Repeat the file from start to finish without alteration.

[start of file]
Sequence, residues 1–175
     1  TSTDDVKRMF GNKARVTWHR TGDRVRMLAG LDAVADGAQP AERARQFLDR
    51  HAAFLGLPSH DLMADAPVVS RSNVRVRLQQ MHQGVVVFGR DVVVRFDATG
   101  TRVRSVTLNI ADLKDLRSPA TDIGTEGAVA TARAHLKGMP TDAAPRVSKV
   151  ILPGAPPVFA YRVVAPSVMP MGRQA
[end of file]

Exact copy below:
Sequence, residues 1–175
     1  TSTDDVKRMF GNKARVTWHR TGDRVRMLAG LDAVADGAQP AERARQFLDR
    51  HAAFLGLPSH DLMADAPVVS RSNVRVRLQQ MHQGVVVFGR DVVVRFDATG
   101  TRVRSVTLNI ADLKDLRSPA TDIGTEGAVA TARAHLKGMP TDAAPRVSKV
   151  ILPGAPPVFA YRVVAPSVMP MGRQA